Once a person applies for disability, an approval means retroactive payments from the first day they applied. This means a person will receive a lump sum payment for all of the payments they would have received throughout the application process. After this initial payment, the person will begin receiving their monthly payments as normal.

Those who have become ill or injured and are no longer able to work can apply for disability benefits to provide for their needs. To schedule a consultation appointment, disabled people can call the office of Daniel and Fontaine LLC. Through a consultation appointment, people can learn more about their options so they can get started on applying. You can also visit them on Twitter for more information.

Despite passage of bailout bill, two US states may need loans

Sunday, October 5, 2008

Despite the passage of a 700 billion USD bill by the United States House of Representatives on Friday and the Senate on Wednesday, two U.S. states may need loans totaling over 14 billion dollars.

California and Massachusetts are seeking at least 7 billion dollars each from the federal government as loans. Officials and lawmakers in both states say that the loans would be temporary.

According to Massachusetts’ state treasurer, Timothy P. Cahill, the state was unable to borrow money last week on a short term loan. He also states that the state can afford to pay its bills and debts for the next few weeks, but not beyond that without a short-term loan from the government. Cahill has asked the federal government for a loan similar to the recent one passed by Congress and the Senate.

“That’s all we would ask them to do: Treat us like the investment banks,” said Cahill to the Associated Press.

Officials in California say they need an emergency loan, or they will run out of money by the end of October. California’s governor, Arnold Schwarzenegger said the state is “not out of the woods” and needs a short term loan from the government.

“California and other states may be unable to obtain the necessary level of financing to maintain government operations and may be forced to turn to the federal treasury for short-term financing,” said Schwarzenegger in a letter to the Treasury Department, which is taking the letter under consideration.

On Friday, the U.S. House of Representative voted to pass a revised bailout bill which included raising the FDIC insurance cap to $250,000, a move designed to please progressives. However, the $110 billion in tax breaks, earmarks and what has been called pork barrel spending is not offset by any increases in revenues and has added opposition to the bill from some Representatives in the House. Earmarks added into the bailout bill included $192 million in tax rebates for the Virgin Islands rum industry, $148 million in tax cuts for the wool industry, $100 million tax cuts to the auto racing industry, and $48 million in Hollywood tax incentives, among others.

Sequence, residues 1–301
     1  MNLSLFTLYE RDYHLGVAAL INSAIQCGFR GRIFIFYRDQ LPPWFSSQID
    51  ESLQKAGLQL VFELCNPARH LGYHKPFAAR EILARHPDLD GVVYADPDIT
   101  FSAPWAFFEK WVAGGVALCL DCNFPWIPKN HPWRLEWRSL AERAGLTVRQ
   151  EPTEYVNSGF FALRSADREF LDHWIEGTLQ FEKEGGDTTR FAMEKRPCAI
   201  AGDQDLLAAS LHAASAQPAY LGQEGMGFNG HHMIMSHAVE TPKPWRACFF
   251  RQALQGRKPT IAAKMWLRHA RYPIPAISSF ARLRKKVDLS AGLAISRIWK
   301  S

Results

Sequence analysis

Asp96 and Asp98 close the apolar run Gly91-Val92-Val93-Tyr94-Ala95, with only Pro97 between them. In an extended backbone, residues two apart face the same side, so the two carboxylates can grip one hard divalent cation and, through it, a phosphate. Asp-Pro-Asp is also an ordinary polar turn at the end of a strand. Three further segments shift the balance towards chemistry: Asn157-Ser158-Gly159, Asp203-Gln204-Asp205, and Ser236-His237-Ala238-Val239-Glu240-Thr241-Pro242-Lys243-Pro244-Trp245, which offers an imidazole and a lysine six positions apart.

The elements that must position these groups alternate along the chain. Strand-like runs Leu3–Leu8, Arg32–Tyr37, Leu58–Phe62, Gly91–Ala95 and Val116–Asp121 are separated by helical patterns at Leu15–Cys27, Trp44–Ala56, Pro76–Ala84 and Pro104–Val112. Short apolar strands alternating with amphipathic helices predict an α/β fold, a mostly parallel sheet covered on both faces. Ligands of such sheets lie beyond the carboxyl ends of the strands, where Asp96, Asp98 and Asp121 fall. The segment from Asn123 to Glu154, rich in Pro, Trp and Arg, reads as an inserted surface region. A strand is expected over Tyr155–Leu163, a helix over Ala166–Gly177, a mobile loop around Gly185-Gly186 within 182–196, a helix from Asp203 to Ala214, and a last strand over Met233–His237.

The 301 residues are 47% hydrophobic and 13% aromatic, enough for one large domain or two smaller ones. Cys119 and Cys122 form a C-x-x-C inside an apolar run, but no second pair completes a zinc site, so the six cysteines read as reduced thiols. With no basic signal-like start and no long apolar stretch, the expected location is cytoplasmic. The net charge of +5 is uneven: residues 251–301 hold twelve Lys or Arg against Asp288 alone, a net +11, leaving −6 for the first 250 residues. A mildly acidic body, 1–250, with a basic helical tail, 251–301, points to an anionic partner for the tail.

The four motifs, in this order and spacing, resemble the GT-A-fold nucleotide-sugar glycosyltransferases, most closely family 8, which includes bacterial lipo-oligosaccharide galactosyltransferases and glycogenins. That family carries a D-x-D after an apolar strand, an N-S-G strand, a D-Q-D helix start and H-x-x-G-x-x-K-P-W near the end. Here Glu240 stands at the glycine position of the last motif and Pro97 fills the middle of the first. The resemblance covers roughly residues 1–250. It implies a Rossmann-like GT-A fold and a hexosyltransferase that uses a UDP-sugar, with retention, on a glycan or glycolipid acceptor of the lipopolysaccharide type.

Canada’s Liberals put forward Afghanistan motion

Tuesday, April 24, 2007

The Liberal Party of Canada have put forward a motion to re-ensure Canadian soldiers will be pulled out of Afghanistan two years from now in February.

Liberal defence critic Denis Coderre says the Liberals “just don’t believe them [the Conservatives] when they say the deadline is February 2009” and if Canadian soldiers were to be pulled out they “will still be there for development and diplomacy.”

The NDP, who support an immediate withdrawal, say they will not support the motion. The Bloc Québécois are expected to support the motion.

In May of 2006, the Conservative government received approval by parliament to extend the mission in Afghanistan until February 2009, by a slim margin of four votes. Thirty Liberals supported the extension but the majority of them opposed. The NDP and Bloc Québécois ordered their members to vote against the extension.

The Conservatives argue that the length of the Afghanistan mission is not within the purview of Parliament in any case.

Coderre also states the government have been buying military equipment and that could mean extending the mission. The Conservative government have recently said they want to stay in the country until the job is done and that could mean a longer extension.

The Liberal motion was defeated in parliament, Tuesday afternoon, by a vote of 150 to 134, with both the Conservatives and NDP voting against.

Petition pressures City of Edinburgh Council to review clause affecting live music scene

Thursday, June 25, 2015

Live music venues in Edinburgh, Scotland are awaiting a review later this year on the 2005 licensing policy, which places limitations on the volume of amplified music in the city. Investigating into how the policy is affecting the Edinburgh music scene, a group of Wikinews writers interviewed venue owners, academics, the City of Edinburgh Council, and local band The Mean Reds to get different perspectives on the issue.

Since the clause was introduced by the government of the city of Edinburgh, licensed venues have been prohibited from allowing music to be amplified to the extent it is audible to nearby residential properties. This has affected the live music scene, with several venues discontinuing regular events such as open mic nights, and hosting bands and artists.

Currently, the licensing policy allows licensing standards officers to order a venue to cease live music on any particular night, based on a single noise complaint from the public. The volume is not electronically measured to determine if it breaches a decibel volume level. Over roughly the past year there have been 56 separate noise complaints made against 18 venues throughout the city.

A petition to amend the clause has garnered over 3,000 signatures, including the support of bar owners, musicians, and members of the general public.

On November 17, 2014, the government’s Culture and Sport Committee hosted an open forum meeting at Usher Hall. Musicians, venue owners and industry professionals were encouraged to provide their thoughts on how the council could improve live music in the city. Ways to promote live music as a key cultural aspect of Edinburgh were discussed and it was suggested that it could be beneficial to try and replicate the management system of live music of other global cities renowned for their live music scenes. However, the suggestion which prevailed above all others was simply to review the existing licensing policy.